In our ongoing series, A More Perfect Union, we highlight how what connects us as Americans is deeper than what divides us. Sports, like football, are often great unifiers, transcending race, religion, and nationality. At Gallaudet University in Washington, D.C., the Bison football team is tackling lessons beyond the field.
Football is equal parts passion, dedication and teamwork but game day at Gallaudet feels different and quieter than most, reports CBS News' Jan Crawford.
The cheerleaders perform the National Anthem with no music and no singing – just hand gestures signaling "our flag was still there." And with that, the Gallaudet University Bison – "America's Deaf Team" as they call themselves – take on the Anna Maria Amcats.
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"It doesn't matter, you know, you're deaf, hard of hearing, hearing. You know the other team, they're showing up to play a game," said Coach Chuck Goldstein.
Goldstein has to lead the team without doing what coaches typically do: yelling or blowing a whistle.
"Sometimes, you'll see the whistle will go early, but our player doesn't hear it, and he runs like 90 yards and he turns around, and you know," Goldstein said.
The Bison communicate using ASL, or American Sign Language.
"You can't hear the snap count?" Crawford asked wide receiver L.J. Watson.
"We just, like, watch the football. The quarterback, he taps the center and we just go, when the football snaps," Watson said.
Watson speaks and signs, a technique called "sim com."
At first, he and his hard of hearing teammates Daequan Taylor and Rashard Witherspoon had a tough time seeing eye to eye.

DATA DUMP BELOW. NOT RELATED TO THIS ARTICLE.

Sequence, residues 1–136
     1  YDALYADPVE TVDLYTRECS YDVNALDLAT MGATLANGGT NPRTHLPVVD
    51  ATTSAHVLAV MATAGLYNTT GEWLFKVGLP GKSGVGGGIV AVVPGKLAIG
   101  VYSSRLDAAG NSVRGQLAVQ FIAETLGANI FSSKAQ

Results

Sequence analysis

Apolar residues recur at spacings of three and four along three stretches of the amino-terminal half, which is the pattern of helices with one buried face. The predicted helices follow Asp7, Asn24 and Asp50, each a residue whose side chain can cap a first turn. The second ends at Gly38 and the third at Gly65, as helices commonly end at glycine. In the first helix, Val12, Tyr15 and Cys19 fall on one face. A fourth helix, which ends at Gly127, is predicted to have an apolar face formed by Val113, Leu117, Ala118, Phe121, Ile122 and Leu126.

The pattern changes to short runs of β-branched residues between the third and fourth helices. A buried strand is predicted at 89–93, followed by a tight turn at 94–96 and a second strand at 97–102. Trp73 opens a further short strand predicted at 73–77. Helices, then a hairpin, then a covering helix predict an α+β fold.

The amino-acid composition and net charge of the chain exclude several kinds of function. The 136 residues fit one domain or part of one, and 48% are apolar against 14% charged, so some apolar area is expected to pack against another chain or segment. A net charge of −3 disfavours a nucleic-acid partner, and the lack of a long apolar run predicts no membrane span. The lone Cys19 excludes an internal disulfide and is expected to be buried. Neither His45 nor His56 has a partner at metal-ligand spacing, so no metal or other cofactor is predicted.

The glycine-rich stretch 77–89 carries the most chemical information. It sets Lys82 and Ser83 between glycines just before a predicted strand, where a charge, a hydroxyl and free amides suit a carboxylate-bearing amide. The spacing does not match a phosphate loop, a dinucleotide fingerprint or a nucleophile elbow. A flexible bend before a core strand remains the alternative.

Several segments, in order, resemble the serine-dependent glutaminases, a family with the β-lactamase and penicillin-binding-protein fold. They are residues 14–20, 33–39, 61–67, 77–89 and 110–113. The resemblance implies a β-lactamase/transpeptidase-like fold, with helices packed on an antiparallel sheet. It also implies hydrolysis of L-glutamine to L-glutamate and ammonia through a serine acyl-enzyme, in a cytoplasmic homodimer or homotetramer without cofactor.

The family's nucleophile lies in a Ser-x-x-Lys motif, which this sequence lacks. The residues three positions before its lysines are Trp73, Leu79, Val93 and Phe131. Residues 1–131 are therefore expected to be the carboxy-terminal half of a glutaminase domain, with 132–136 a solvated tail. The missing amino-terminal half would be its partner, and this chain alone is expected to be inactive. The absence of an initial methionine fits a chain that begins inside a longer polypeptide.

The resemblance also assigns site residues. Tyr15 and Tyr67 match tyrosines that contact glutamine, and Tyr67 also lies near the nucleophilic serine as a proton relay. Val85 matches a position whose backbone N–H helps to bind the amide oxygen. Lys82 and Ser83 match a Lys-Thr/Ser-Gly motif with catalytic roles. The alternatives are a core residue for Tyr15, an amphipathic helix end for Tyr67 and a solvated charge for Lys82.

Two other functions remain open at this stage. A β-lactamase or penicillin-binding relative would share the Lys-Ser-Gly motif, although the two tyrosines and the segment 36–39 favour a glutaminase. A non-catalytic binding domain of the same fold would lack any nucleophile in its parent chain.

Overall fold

"I'm not gonna lie; team chemistry was hard," Watson said. "It's like hard to communicate with each other, 'cause some players on the team don't know sign."
Half of the players are deaf, others are hard of hearing. To have enough players to compete, each year, Coach Goldstein integrates into the team a few mainstream hearing athletes.
"Our recruiting pool is limited. It's limited so it's kind of a struggle. We have people who are lookin' online every day for a deaf, hard of hearin' athlete. Go and google. Try," Goldstein said.
That's how they find players like Daequan Taylor, a defensive standout from Hampton, Virginia, where sports are a religion. But, Taylor thought he had blown his chance to play college ball.
"It didn't work out. Like, no scholarships after senior year. Dumb mistakes, partyin', distracted, girls, grades," Taylor said.
Then, he got an opportunity to join the Bison.
"So, how I fell in love on my visit, it was like deaf people, they knew I couldn't sign, but they still accepted me," Taylor said.
It was an unfamiliar feeling for Taylor, whose mother died when he was in the 7th grade. He spent his teenage years bouncing around different friends' homes.
Now a junior, sign language comes as easily to Taylor as football. Gallaudet was a shot at redemption.
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"Really, it helped me become a man. Where I'm from is, like, a bad area. Jail, dead, or you sell drugs, honestly. So, when Gallaudet, like gave me a chance to like play football, I was like, 'I'm not, like, riskin' it again. I'm not,'" Taylor said.
These roommates are a testament to the power of communicating without saying a word. Witherspoon credits patience.
"And you know, we're willing to slow things down," Witherspoon said.
"We just became close," Taylor said. "Became brothers. Like, we was brothers on the football team, but like now, us three just different. We could understand each other without like, not sayin' nothin'."
Today, about 12 percent of Gallaudet students can hear. The school will likely have to continue blending these communities and redefining itself without sacrificing its cultural identity. How? Well perhaps, the football team can help pave the way.
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